This lesson guides a student inquiry into properties of the ocean's carbonate buffer system, and how changes in atmospheric carbon dioxide levels may affect ocean pH and biological organisms that depend on calcification.

This audio slideshow examines the changes in the ecosystem that will occur to the Arctic due to increasing temperatures and disappearing sea ice.

This interactive graphic outlines the carbon cycle, with clickable text boxes that explain and elaborate each component.

This short video from Climate Central explains the technology used to monitor changes in Arctic sea ice. Long-term tracking (since the late 1970's) shows Arctic sea ice has been on a steady decline and this could have significant implications for global temperatures.

This video describes why tropical ice cores are important and provide different information than polar ice cores, why getting them now is important (they are disappearing), and how scientists get them. The work of glaciologist Lonnie Thompson is featured, with a focus on his work collecting cores of ice from high mountain glaciers that contain significant data about past climate change.

This animated visualization was created for the planetarium film 'Dynamic Earth'. It illustrates the trail of energy that flows from atmospheric wind currents to ocean currents.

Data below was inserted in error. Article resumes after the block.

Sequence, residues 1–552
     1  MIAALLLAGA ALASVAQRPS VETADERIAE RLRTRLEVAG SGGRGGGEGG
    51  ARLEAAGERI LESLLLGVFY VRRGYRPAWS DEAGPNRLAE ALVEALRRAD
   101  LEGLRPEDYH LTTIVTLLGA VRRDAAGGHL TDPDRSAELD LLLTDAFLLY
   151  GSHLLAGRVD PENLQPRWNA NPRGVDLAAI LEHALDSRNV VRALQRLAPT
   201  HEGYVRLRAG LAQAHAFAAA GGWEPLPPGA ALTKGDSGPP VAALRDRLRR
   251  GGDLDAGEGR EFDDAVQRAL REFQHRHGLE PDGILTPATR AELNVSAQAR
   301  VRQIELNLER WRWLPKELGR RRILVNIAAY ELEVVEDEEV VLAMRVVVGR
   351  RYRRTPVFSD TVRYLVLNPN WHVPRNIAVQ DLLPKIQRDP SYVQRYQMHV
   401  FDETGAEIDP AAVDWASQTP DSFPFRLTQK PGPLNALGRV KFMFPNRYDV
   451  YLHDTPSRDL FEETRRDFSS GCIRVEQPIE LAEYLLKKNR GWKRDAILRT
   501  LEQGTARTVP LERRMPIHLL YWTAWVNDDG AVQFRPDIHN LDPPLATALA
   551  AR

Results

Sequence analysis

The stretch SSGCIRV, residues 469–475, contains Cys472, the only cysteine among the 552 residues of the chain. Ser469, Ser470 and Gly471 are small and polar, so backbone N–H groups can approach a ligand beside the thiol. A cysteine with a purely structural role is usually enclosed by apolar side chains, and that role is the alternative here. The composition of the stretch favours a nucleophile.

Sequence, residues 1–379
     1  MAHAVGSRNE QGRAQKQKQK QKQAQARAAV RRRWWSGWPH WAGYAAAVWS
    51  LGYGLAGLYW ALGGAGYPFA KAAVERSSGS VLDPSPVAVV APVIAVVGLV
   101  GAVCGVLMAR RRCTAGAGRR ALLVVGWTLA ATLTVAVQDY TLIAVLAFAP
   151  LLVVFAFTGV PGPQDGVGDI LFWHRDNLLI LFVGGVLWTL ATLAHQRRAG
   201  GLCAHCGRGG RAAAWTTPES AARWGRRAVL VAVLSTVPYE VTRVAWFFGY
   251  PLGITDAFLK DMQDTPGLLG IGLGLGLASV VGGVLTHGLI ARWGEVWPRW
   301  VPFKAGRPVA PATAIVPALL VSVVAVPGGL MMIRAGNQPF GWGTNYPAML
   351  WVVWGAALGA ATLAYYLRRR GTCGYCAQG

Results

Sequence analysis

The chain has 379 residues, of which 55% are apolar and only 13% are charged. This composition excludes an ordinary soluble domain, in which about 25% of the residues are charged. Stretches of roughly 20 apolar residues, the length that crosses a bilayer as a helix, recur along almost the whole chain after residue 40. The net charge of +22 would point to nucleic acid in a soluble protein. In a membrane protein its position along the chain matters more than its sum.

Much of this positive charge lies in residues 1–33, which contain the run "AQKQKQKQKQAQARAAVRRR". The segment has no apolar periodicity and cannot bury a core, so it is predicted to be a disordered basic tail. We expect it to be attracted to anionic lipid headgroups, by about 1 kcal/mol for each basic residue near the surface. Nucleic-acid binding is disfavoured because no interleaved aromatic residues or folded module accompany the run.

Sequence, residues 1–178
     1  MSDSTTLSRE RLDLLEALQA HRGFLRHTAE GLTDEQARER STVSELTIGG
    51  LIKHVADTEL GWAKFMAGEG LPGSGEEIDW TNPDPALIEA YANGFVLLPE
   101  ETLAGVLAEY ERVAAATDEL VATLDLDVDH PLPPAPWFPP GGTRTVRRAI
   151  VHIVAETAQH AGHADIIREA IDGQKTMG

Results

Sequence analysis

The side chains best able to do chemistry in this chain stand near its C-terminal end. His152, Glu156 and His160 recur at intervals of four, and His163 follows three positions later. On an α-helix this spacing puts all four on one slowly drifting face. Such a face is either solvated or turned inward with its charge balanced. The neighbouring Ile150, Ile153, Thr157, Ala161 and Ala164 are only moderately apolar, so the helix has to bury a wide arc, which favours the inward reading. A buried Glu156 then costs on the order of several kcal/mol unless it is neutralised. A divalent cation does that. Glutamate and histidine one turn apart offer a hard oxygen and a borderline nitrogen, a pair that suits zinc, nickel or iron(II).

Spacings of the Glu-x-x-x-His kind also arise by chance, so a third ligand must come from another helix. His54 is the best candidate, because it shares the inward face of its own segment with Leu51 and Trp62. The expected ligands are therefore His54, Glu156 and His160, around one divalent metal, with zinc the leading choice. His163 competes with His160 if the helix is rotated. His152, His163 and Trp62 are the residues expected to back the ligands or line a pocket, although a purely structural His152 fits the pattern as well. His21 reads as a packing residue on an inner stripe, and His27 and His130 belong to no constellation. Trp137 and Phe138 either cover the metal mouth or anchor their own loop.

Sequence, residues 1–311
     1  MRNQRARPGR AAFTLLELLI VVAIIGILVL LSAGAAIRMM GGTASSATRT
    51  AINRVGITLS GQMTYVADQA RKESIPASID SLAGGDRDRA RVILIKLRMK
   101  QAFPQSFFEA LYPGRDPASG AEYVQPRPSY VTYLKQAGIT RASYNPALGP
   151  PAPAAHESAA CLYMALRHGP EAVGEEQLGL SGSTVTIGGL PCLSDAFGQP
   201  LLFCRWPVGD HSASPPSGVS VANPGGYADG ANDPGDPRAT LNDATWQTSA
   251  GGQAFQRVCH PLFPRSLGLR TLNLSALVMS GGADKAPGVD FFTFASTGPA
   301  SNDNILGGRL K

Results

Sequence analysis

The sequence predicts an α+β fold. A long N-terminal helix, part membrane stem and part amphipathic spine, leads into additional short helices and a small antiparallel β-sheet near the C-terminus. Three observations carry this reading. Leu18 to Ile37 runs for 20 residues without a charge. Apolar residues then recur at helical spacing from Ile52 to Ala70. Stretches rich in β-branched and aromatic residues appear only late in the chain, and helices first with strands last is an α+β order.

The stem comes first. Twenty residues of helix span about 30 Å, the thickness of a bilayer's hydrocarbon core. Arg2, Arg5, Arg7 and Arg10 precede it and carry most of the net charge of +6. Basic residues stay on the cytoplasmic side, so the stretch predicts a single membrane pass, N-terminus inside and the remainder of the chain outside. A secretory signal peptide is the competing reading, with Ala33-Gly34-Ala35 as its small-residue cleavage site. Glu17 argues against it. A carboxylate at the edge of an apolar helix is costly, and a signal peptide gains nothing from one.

In this activity for undergraduates, students explore the CLIMAP (Climate: Long-Range Investigation, Mapping and Prediction) model results for differences between the modern and the Last Glacial Maximum (LGM) and discover the how climate and vegetation may have changed in different regions of the Earth based on scientific data.

This video on phenology of plants and bees discusses the MODIS satellite finding that springtime greening is happening one half-day earlier each year and correlates this to bee pollination field studies.

This resource is about the urban heat island effect. Students access student-collected surface temperature data provided through the GLOBE program and analyze the data with My World GIS.

The activity follows a progression that examines the CO2 content of various gases, explores the changes in the atmospheric levels of CO2 from 1958 to 2000 from the Mauna Loa Keeling curve, and the relationship between CO2 and temperature over the past 160,000 years. This provides a foundation for examining individuals' input of CO2 to the atmosphere and how to reduce it.

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